Most rapes in Mum­bai on Ban­dra­and­heri stretch

RE­AL­ITY Of 752 rape cases in 2017, the re­gion ac­counted for 199; with 26 reg­is­tered cases, Oshi­wara one of the most no­to­ri­ous ar­eas

Hindustan Times (Chandigarh) - - NATION HINDUSTANTIMES - Jayprakash S Naidu

MUM­BAI: The Ban­dra-and­heri belt is home to the crème de la crème of Mum­bai: from Bol­ly­wood stars to the rich and fa­mous in­dus­tri­al­ists and busi­ness­men, all have their homes here. But there’s one thing that says this pop­u­lar tin­sel town hub is un­safe for women: record­ing one-fourth of Mum­bai’s rape cases in 2017.

With 199 rape cases reg­is­tered, the re­gion ac­counts for more than one-fourth of the 752 rape cases reg­is­tered in the city.

Arun Cha­van, as­sis­tant com­mis­sioner of po­lice for four po­lice sta­tions (DN Na­gar, Oshi­wara, Am­boli and Versova), told HT, “There was just one case at Am­boli where the ac­cused was a stranger. In all other cases, the ac­cused were known to vic­tims. Most of the rape cases last year were reg­is­tered by women who were fil­ing cases against their live-in part­ners. There are one or two cases of date rape. Even in POCSO Pro­tec­tion of Chil­dren from Sex­ual Of­fences Act) cases, there were run­away cases, but under law it does not mat­ter.”

Oshi­wara turned out to be one of the most no­to­ri­ous ar­eas with 26 cases and Powai fol­lowed with 18. Prime ar­eas like Ban­dra, San­tacruz and Versova saw 13 cases be­ing reg­is­tered.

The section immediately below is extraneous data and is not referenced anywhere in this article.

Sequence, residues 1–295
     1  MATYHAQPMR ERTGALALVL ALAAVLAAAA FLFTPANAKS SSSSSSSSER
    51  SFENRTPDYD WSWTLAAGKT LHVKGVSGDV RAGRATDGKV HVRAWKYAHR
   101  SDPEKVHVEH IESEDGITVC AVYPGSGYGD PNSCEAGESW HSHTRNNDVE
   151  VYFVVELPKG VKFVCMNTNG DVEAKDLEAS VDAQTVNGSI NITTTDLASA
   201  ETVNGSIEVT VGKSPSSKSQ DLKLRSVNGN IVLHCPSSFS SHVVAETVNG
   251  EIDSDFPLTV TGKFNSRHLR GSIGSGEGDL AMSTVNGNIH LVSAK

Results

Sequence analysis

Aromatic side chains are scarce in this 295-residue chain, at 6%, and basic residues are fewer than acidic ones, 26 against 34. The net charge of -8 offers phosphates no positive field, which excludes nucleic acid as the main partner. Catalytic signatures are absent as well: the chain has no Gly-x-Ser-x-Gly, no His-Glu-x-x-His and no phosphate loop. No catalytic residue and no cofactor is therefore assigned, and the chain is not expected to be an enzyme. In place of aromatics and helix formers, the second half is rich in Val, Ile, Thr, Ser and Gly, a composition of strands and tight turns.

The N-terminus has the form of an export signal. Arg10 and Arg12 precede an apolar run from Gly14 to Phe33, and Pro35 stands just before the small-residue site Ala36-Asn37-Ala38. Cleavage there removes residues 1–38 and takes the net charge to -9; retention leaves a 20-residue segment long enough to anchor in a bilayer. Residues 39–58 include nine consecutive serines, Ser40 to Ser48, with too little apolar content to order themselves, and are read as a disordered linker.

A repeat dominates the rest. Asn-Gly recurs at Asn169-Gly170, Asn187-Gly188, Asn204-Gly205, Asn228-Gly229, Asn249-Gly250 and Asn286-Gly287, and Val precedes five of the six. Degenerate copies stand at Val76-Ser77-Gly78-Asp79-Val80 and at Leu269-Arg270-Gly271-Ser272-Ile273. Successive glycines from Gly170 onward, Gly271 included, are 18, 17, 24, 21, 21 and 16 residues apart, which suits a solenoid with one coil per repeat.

A po­lice of­fi­cer from Oshi­wara po­lice sta­tion said, “Most of th­ese rape cases were com­mit­ted under false pre­text of mar­riage or were reg­is­tered against live-in part­ners. In none of th­ese cases, the ac­cused was a stranger. The only ex­cep­tion is rape cases in­volv­ing mi­nors be­cause the con­sent does not mat­ter there at all.”

Mum­bai po­lice spokesman, Deepak Devraj, said the West re­gion cov­ers a vast area, hav­ing three po­lice zones within its ju­ris­dic­tion.”also the fig­ures are high be­cause we are sin­cerely reg­is­ter­ing of­fences,” said Devraj.

Ad­vo­cate Au­drey D’mello, also the di­rec­tor of Ma­jlis, pointed out two ma­jor rea­sons for rise in rape cases.

“Af­ter the 2012 Delhi gang rape, a new law for crime against women was made. Since 2011, our or­gan­i­sa­tion has been closely work­ing with the Mum­bai Po­lice to sen­si­tise them on the law as part of our pro­gram Ra­hat. We brought out a stan­dard op­er­at­ing pro­ce­dure for fil­ing rape cases,” the lawyer said.

She added that there has been free and fair reg­is­tra­tion of FIRS and a change in the cops’ at­ti­tude. The credit, she said, goes to se­nior cops who en­sured reg­is­tra­tion of FIR by tak­ing ac­tion on of­fi­cers turn­ing away or dis­cour­ag­ing rape sur­vivors.

Ac­cord­ing to D’mello, in more than 95% cases, the rapist is known to vic­tim. The sec­ond rea­son, she said, is the heavy pop­u­la­tion in the west re­gion.

“Even cases where men go back on the prom­ise of mar­riage in­volve vi­o­lence and trauma. In such cases, women see po­lice and law as the only source of help and so such cases should not be taken lightly,” she added.


Prime ar­eas like Ban­dra (in pic­ture), San­tacruz and Versova saw 13 rape cases be­ing reg­is­tered in 2017.

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